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Accept What Is

I had a very revealing doctors appointment last month. At my appointment, my doctor, asked me to receive a follow-up MRI. I immediately started crying. My doctor, whom I’m pretty sure English is not her first language, tried to console me. But what she said next, put some things into perspective, for me. She said “Oh no, you want to stay in denial, I understand”. Like I said, English isn’t her first language and I honestly don’t think she meant any harm(👀). And she didn’t cause any harm, just long hard contemplation about my situation. I’m aware of my diagnosis. It’s very hard not to be aware when I’m in pain most days. Despite what you see on social media my mobility is incredibly effected. When I dance, I’m in pain. But I love to dance. When I walk, I’m in pain. But I have to walk, at times. My every move is calculated. I’ve altered my entire life to accommodate the pain I feel. But much like my past circumstances, it takes me a while to understand the severity of condition. This isn’t the first time one of my physicians has told me I was in denial. The first time I didn’t believe it. This time, hmm maybe so. Just maybe. Or maybe that’s just how I cope. I’m not entirely sure. This was a month ago. Three weeks after my initial appointment I made several follow up appointments. I even made that appointment for an MRI. For that, I was proud of myself.

Yesterday, I couldn’t stop crying. At first, I wasn’t exactly sure why, I’ve had MRI’s before. Or maybe, that’s exactly why, sick and tired of being sick and tired? Or maybe I am concerned with what the results may say, either good or bad? Why would I be concerned if it’s good? Because I know something is wrong. Or maybe, due to the severity of my disease and what I’ve been through, everything scares me now. I honestly think it’s a little of everything. Nonetheless, the show must go on. So today, I had an MRI. My name is Gaylyn and I have Avascular Necrosis of both femoral heads, ie my hips. Avascular necrosis is classified as a rare disease, in which there is no blood supply to the bone, causing the bone to die. As you can imagine, this is incredibly painful. Avascular necrosis for me was caused by years of high dose steroid use for the treatment of my Crohn’s disease.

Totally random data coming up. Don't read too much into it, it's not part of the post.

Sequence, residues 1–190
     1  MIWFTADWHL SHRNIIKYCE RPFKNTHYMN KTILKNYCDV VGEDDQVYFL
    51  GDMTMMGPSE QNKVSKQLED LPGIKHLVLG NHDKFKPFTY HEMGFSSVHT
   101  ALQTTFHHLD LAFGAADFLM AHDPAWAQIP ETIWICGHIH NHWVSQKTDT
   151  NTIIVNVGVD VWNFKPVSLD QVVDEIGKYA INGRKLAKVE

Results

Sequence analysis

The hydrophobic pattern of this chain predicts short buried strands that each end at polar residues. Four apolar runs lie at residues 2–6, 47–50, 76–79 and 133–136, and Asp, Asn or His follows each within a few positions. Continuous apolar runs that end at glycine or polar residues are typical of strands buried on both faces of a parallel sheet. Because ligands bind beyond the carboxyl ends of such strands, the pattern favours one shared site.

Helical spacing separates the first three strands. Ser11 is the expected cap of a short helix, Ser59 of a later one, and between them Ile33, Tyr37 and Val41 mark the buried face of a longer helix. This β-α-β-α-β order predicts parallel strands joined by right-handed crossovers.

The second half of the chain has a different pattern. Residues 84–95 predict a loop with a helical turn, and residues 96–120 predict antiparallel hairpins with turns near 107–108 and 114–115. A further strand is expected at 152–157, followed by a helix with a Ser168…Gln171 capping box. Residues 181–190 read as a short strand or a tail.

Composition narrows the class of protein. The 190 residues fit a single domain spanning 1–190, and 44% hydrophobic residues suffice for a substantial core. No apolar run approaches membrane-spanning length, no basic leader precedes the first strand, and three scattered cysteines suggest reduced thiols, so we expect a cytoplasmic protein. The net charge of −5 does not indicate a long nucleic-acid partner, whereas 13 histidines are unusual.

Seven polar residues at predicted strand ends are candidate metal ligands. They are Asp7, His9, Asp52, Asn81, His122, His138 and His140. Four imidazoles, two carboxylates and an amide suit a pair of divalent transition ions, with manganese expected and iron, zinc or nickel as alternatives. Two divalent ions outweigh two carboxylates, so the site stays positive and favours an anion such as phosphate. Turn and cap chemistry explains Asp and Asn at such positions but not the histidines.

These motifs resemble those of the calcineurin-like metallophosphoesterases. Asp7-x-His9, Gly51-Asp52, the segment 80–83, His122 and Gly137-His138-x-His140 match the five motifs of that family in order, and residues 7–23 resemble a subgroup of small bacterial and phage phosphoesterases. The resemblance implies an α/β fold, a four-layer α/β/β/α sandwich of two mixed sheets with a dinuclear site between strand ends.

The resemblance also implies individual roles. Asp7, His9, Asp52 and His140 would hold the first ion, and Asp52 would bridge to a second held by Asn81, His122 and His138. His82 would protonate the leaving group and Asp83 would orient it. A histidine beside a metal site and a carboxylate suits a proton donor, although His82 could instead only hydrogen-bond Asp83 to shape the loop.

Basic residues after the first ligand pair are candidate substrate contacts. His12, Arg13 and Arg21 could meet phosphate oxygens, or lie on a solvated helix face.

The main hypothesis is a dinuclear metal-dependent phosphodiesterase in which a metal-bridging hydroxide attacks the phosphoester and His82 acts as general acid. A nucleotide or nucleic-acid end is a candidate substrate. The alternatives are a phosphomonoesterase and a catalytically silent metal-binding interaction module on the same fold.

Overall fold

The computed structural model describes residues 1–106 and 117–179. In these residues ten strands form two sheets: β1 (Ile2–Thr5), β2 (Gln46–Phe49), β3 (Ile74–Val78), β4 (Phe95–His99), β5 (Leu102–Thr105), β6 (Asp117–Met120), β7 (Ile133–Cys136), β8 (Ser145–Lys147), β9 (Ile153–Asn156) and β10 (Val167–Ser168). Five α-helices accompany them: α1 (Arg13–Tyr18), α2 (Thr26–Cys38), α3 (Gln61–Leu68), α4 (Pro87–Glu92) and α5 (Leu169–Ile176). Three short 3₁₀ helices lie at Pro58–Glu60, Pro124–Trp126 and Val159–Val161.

The prognosis may not be ideal, but like most things in my life, I know I’ll be okay. In time, and always I’ll be okay. Sometimes it takes me a while to get to that place. As in, recognizing and realizing that everything will be okay. I start to think about what I’ve been through and I get scared that it could happen again. Terrified is more like it. Even today, the MRI smelled like the hospital (well duh) and I started getting flashbacks of being in the hospital. At times, you can’t control your circumstances but you can absolutely control how you respond. Accept what is, even if it’s a process, do what you need to do to get there. Remain steadfast in all that you know to be true and that is you’ve made it thus far so you are fully equipped to handle anything that comes your way. So I closed my eyes as I prayed and asked God to give me peace and continued healing. The next thing I knew I was being slid (wheeled, pulled, idk) out of the MRI and it was over. I fell asleep during the MRI which if you’ve had one you know how incredibly loud it is. And how difficult it would be to fall asleep. The technician is talking in your ear. The noise the MRI makes, etc. Everything is incredibly loud. They give you earphones but that doesn’t do much of anything in terms of drowning out the noise. And you are in “itty bitty living space”, haha. So for me, I’m trying not to freak out thinking about the tiny space, lol. But even through all of that! I managed to go sleep. It reminded me that even when your life seems crazy, when nothing seems to be going well or nothing seems to be working out in your favor. When the outside world is too loud and you can’t silence your thoughts. I am reminded to trust in Him. Keep your mind on Him and He will give you perfect peace.

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